National Geographic : 1940 Jul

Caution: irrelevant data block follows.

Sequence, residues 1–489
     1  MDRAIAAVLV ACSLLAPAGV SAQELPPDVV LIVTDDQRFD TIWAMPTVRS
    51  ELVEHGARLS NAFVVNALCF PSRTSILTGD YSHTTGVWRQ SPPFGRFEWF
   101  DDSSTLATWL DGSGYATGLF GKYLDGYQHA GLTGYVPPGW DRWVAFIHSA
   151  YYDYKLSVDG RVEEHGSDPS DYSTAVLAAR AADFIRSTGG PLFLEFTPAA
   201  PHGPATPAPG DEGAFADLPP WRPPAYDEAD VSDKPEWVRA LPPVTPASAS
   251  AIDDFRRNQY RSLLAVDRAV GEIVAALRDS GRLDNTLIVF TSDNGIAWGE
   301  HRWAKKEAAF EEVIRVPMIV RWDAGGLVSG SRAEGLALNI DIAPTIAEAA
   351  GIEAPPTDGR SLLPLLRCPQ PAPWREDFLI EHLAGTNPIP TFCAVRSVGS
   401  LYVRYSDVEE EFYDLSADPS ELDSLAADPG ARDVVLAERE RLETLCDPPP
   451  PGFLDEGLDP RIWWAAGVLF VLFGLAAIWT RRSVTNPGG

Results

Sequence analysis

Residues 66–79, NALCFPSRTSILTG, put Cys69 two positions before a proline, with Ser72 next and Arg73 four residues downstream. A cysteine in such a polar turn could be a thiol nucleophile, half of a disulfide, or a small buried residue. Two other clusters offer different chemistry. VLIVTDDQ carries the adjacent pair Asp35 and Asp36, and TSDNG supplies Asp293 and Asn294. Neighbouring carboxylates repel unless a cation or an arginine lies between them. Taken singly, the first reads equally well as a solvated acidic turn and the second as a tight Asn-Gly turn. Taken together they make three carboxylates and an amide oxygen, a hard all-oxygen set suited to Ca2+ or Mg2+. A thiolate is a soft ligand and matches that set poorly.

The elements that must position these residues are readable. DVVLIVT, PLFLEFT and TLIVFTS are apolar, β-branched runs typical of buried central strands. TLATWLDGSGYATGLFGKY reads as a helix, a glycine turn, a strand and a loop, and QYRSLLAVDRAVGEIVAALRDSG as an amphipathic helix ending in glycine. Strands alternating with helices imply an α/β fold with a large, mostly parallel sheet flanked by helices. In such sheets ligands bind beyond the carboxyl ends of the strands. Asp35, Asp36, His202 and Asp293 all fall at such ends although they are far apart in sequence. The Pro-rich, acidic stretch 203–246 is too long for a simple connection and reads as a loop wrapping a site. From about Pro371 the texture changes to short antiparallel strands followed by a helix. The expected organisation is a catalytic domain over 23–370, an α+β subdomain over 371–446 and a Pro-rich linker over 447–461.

Greenland from 1898 to Now The Danish Supply Ship Gustav Holm Brings Food, Clothing, and Lumber As the Morrissey approached Kejser Franz Josephs Fjord, east Greenland, in the summer of 1939, she spoke this heavily laden craft, which normally carries building materials and other necessaries to the Eskimos and returns to Denmark with sealskins, fish, oil, and furs. The walls of some of the ruins were four feet thick. One ruin had been, almost cer tainly, a round tower. Its diameter was 48 feet, by measurement of the ruler brought from the Morrissey. Last of all, we lingered over the old, gray, crumbling churchyard. Only one stone showed traces of its inscription. We tried hard to make out what was carved on that stone, but it defied even the bright eyes of my boys. However, an old book I once came across states that within recent years this inscrip tion was found on one stone: "Vigdis, daughter of M-, rests here. May God rejoice her soul." This, the books say, was carved in runic characters. It is just as well; for even had we made out that inscription, none of the boys, not even the lad from Dartmouth, could trans late runic. I put in this bit about the ruins for what it is worth. It may not be exploration ex actly-or, again, it may be. But if I had ever had more time to spare from the actual job of sailing the ship in my jaunts about Green land, I should have given those ruins around and about more thorough observation than I have yet managed. A Question Settles a Dispute Several years ago Norway and Denmark got into an argument about which country had the better claim to parts of eastern Greenland. I received a cable from The Hague asking me to come there to testify before the arbitration committee. I cabled back, "Impossible to come. Were modern Norwegians ever in Greenland?" This question on my part was merely a re quest for information; and I was astonished to receive in reply a letter from the authorities at The Hague thanking me for settling the question!